In the heart of the city, but away from the hustle and bustle of the center, just behind the chaotic Corso Vittorio Emanuele and Corso Venezia, there’s a warm, familiar place, that, at the same time, is a treasure casket of elegance. In Largo Augusto, a stone’s throw from the Duomo, L’Arabesque is a destination and a refuge for those who want to stop the time, enjoying it, reliving everything that Milan represents: culture, fashion, cuisine, history.
Born a few years ago from the creative and deeply Milanese mind of Chichi Meroni, L’Arabesque is not just a concept store but a cult store, where the original boutique is joined by the recent café with a lounge filled with bookcases: a real meeting point and a discovery for all lovers of beauty, with vintage as a common thread in tribute to the Milan of the ’50s and’ 60s.
But let’s start from the beginning, when the eclectic Chichi Meroni decides to open her boutique of the forgotten elegance, filling it not only of contemporary vintage clothes, bijoux, haute parfumerie fragrances and couture services, but also and above all a sophisticated design that helps to tell and define the spaces and the spirit of this small and surprising reality. Next to the boutique, a café and restaurant was born, just to recreate the idea of home and family typical of those years, a space where to meet and be together.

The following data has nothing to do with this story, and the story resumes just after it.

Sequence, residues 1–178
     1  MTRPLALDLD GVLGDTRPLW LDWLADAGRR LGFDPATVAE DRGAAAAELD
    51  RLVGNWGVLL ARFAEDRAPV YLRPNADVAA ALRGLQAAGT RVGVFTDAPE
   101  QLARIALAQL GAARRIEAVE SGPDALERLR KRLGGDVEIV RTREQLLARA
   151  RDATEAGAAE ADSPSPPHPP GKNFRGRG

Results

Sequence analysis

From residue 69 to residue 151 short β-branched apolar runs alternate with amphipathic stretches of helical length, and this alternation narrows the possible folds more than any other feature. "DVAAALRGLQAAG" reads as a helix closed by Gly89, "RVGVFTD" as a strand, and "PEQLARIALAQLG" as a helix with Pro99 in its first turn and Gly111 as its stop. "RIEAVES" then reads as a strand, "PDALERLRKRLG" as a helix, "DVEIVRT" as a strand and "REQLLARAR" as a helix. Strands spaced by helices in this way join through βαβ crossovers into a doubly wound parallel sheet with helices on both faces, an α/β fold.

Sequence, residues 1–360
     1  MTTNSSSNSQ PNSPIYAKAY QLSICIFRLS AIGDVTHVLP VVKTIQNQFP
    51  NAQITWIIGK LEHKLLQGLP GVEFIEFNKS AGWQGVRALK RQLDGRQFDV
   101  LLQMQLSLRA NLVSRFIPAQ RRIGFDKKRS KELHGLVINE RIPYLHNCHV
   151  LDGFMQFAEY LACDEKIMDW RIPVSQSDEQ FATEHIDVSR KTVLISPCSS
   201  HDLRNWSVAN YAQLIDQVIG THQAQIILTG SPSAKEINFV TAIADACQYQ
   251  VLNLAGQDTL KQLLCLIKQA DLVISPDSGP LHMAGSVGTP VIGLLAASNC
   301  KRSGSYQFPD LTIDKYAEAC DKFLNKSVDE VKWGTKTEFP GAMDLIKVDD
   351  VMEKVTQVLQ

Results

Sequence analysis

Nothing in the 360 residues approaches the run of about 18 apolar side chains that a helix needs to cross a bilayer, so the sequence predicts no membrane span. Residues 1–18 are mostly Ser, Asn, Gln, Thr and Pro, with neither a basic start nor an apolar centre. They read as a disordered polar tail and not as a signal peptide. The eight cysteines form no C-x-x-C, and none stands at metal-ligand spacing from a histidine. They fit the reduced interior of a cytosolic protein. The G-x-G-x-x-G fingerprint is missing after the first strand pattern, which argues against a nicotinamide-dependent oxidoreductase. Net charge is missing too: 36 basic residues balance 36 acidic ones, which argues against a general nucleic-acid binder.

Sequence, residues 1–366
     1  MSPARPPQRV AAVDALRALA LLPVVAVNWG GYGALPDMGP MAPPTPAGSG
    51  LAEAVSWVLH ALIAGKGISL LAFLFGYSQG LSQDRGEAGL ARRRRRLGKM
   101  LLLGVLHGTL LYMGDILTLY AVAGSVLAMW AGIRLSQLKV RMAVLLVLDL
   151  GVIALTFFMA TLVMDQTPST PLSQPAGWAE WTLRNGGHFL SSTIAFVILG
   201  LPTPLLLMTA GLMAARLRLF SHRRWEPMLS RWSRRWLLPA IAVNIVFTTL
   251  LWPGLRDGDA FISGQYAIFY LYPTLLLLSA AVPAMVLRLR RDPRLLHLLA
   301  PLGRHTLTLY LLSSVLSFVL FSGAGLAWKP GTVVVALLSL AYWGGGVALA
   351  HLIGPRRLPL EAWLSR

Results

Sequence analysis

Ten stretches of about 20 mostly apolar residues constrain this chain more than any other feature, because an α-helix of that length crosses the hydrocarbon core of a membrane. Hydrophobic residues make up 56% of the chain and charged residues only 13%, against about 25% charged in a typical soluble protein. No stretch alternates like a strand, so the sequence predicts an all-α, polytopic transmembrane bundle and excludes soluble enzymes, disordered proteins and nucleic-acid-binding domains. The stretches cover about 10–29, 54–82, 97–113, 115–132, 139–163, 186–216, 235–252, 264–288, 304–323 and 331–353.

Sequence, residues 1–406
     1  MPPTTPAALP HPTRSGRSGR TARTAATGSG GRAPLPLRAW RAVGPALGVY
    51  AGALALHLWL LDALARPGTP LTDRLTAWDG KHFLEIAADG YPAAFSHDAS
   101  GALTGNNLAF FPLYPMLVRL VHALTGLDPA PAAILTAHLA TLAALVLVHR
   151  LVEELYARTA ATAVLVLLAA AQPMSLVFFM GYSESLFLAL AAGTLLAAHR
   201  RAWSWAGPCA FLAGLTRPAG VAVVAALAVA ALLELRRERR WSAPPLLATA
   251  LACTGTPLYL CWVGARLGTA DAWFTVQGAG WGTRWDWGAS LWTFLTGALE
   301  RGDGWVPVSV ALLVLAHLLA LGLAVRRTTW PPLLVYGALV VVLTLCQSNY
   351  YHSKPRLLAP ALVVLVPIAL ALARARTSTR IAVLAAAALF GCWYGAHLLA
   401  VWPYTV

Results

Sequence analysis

What is striking about L’Arabesque Café is the perfect meeting between the kitchen and the spaces, always inspired by ’50s, with a menu that recalls the recipes of those wonderful years that have made history but absolutely refreshed, with classy reinventions. At the same time, the environment is studied ad hoc, with the enveloping lights of George Nelson’s Bubble lamps that color coffee tables and small armchairs designed by Chichi herself and the Villeroy & Boch porcelains that contribute to giving each dish that “old times” aesthetic.
However, it’s not just the furniture and the refined design that amaze, but also the disposition of the spaces: adjacent to the restaurant area there’s a small lounge with bookcases, where to sit for a breakfast or an aperitif reading (and buying) magazines and books on lifestyle, fashion, photography and cooking, recalling that sense of homey warmth.
Quiet, curious, but also surprising, L’Arabesque is one of those very few places in our city that always stays in the heart of those who visit, offering a sensory experience that awakens distant, never forgotten memories and will always be loved by Milanese and not.